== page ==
If this band gets overstretched, it may sustain small tears along its length, resulting in plantar fasciitis. If the band pulls excessively on the heel bone, it will form a heel spur.

    This problem is usually noticed because of the following symptoms:

    • Plantar fasciitis produces pain in the arch, and heel spurs produce pain in the bottom of the heel.
    • Both of these issues hurt more when the patient stands, either first thing in the morning, or after standing after a long rest.
    • This is not a result of “pounding,” meaning that if you put something “cushy” in your shoe, it won’t help. This is a structural issue, and can best be addressed by controlling the structural problem by way of orthotics. Also, medications can be used to reduce the inflammation associated with these problems.

    The Benefits of Orthotic Devices
    A true orthotic is a device constructed to a corrected model of an individual person’s foot. Most orthotics are rigid in nature, to be able to control the abnormal function of the foot. However, when working properly, the orthotic will not feel hard—it will feel supportive. Orthotics are designed to be worn daily, for long periods of time. They don’t “fix” your foot —they correct the structure. Eyeglasses are a similar example: they don’t fix what’s wrong with your vision, they simply correct it.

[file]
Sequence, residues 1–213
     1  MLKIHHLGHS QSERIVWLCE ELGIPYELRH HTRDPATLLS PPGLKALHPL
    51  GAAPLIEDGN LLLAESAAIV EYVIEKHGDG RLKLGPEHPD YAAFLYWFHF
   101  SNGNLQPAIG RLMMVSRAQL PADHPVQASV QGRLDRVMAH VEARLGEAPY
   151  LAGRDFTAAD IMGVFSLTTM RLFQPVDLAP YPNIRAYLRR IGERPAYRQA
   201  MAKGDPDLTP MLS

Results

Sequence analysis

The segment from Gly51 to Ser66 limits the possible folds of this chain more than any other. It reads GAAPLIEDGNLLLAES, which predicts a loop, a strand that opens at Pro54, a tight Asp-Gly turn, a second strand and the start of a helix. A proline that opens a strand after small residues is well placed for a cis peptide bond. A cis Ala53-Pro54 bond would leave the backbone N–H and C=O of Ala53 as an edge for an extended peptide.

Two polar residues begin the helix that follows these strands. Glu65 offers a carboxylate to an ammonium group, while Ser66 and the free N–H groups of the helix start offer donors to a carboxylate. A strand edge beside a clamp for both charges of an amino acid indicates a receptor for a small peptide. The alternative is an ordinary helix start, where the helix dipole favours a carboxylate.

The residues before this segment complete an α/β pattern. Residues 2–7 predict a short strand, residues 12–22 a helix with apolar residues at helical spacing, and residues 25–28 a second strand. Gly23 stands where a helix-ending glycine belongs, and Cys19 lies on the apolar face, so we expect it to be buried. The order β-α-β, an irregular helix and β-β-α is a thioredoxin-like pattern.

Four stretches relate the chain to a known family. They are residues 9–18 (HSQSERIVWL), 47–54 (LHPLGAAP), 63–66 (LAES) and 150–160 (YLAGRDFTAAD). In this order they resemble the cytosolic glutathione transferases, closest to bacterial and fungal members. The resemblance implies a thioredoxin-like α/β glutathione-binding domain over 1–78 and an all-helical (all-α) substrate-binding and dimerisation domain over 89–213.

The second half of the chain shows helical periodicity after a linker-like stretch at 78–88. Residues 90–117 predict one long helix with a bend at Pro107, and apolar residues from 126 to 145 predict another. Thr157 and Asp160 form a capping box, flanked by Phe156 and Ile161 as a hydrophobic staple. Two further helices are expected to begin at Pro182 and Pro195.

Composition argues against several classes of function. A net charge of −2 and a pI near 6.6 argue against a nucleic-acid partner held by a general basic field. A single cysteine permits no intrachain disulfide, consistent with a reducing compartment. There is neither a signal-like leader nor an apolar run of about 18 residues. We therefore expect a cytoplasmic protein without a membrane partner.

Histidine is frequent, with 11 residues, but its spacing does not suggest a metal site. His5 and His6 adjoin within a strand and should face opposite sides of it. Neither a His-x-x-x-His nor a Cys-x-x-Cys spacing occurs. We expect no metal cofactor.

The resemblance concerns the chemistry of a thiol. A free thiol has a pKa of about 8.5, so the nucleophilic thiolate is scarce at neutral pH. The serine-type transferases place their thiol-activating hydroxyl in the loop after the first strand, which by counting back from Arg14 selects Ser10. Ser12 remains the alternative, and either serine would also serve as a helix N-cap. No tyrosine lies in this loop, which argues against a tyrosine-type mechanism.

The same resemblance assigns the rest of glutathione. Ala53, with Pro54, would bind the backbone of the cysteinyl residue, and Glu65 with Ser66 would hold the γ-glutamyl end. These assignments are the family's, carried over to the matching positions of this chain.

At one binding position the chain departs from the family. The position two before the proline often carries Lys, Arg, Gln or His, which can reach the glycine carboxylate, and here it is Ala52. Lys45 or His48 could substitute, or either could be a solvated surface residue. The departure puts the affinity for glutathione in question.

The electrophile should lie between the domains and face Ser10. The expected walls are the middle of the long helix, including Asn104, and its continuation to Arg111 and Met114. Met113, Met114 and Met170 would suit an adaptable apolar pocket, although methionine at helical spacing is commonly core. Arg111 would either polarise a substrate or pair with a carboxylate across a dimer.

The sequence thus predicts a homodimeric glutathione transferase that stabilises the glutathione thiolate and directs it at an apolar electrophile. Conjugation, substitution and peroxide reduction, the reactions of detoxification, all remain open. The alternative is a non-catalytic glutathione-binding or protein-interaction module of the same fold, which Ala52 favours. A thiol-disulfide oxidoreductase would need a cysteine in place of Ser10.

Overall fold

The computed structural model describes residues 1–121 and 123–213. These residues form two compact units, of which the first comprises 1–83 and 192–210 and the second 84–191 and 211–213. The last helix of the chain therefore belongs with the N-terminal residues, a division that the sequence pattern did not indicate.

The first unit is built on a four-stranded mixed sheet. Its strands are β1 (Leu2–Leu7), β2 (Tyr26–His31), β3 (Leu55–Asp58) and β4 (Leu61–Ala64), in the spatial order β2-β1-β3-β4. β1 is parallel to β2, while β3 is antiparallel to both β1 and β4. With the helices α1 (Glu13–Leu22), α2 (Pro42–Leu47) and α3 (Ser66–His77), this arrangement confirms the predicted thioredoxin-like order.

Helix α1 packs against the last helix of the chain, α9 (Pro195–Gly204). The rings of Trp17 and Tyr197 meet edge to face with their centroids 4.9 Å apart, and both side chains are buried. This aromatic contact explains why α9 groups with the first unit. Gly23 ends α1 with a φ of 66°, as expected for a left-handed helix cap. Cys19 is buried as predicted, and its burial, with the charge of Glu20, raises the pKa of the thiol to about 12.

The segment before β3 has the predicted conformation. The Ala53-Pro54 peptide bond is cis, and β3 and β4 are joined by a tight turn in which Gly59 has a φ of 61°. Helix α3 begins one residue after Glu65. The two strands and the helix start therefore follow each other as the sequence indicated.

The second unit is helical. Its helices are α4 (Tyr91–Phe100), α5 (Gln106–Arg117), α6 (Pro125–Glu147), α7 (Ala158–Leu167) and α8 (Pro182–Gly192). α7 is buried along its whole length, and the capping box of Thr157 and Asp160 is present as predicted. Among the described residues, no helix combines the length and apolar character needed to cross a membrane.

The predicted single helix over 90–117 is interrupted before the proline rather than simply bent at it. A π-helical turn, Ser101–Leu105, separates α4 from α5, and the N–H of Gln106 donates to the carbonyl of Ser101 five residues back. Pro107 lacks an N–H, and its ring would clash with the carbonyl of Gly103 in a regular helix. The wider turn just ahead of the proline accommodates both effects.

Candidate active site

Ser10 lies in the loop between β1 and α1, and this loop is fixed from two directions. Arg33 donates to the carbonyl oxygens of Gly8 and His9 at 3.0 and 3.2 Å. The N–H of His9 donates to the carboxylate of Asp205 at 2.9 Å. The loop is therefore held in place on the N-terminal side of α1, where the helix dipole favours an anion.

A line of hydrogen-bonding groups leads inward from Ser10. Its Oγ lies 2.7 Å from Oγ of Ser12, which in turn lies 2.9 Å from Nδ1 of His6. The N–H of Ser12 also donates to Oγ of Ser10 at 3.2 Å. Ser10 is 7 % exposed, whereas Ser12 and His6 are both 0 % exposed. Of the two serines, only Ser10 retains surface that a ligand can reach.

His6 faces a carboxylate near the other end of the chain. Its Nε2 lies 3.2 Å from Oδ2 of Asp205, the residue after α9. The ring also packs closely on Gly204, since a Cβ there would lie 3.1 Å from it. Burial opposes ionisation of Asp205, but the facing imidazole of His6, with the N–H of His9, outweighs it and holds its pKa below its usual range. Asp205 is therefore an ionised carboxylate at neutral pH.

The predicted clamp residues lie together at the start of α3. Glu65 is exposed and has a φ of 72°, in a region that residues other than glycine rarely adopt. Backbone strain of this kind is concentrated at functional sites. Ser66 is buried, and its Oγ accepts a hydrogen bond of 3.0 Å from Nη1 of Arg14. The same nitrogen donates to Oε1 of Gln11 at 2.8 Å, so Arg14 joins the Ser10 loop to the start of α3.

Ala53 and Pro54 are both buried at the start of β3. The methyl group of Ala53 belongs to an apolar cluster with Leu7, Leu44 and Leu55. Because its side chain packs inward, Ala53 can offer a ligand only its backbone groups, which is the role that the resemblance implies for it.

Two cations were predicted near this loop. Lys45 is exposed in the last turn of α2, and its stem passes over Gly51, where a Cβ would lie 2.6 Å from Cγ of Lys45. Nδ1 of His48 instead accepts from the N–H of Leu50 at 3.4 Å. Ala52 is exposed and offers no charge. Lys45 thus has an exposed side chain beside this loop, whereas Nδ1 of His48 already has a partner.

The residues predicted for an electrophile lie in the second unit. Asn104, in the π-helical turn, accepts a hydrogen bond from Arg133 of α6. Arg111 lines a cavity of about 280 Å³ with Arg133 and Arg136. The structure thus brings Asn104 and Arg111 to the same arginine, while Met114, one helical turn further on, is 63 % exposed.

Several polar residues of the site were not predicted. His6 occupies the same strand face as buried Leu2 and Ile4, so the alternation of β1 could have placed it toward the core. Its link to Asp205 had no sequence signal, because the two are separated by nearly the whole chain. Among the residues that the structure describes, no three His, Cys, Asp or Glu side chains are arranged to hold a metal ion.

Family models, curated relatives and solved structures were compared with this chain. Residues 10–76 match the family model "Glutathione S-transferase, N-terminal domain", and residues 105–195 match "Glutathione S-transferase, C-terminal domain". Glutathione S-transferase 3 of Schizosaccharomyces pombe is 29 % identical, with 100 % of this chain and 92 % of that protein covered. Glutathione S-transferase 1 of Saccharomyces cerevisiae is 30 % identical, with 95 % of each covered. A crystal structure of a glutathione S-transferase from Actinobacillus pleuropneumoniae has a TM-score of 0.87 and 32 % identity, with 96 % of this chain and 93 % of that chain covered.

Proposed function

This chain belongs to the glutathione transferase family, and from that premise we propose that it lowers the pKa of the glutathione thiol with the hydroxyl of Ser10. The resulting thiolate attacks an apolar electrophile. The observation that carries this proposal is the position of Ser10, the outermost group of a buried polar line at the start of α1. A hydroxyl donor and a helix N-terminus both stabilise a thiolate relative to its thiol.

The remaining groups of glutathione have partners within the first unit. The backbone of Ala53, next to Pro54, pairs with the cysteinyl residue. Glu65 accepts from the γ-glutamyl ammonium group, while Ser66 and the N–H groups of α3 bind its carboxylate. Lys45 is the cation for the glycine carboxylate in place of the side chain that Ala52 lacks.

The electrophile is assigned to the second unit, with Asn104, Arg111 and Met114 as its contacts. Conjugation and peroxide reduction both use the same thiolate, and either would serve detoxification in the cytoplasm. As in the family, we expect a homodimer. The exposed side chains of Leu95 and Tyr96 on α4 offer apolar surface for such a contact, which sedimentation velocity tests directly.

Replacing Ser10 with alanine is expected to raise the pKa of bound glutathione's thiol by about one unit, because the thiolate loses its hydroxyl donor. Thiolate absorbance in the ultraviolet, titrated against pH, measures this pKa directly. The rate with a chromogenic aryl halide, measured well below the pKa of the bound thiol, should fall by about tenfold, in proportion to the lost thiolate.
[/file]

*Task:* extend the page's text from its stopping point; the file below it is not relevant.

At Deaconess Clinic, we have advanced orthotic-development technology. A laser scanner is used initially to capture a model of each foot. We then use a computerized digital system to make corrections to the structure to develop an orthotic that will help bring the foot into the closest-to-normal alignment and positioning possible. The closer to normal the foot performs, the less structural pain that results.

    Various foot structural issues, such as flat feet, plantar fasciitis, high arches, etc. are best addressed via custom orthotics. This, again, controls the function of the foot. The better the foot works, the less it hurts. Orthotics also help prevent knee, hip and back issues as well, since they're helping with alignment.

    Deaconess is also one of only 35 labs world-wide certified by the Prescription Foot Orthotic Laboratories Association.  The way we make our orthotics is really, really innovative, and I’m excited to be able to use the technology in place here. 

     
    Posted: April 10, 2014 by Pam Hight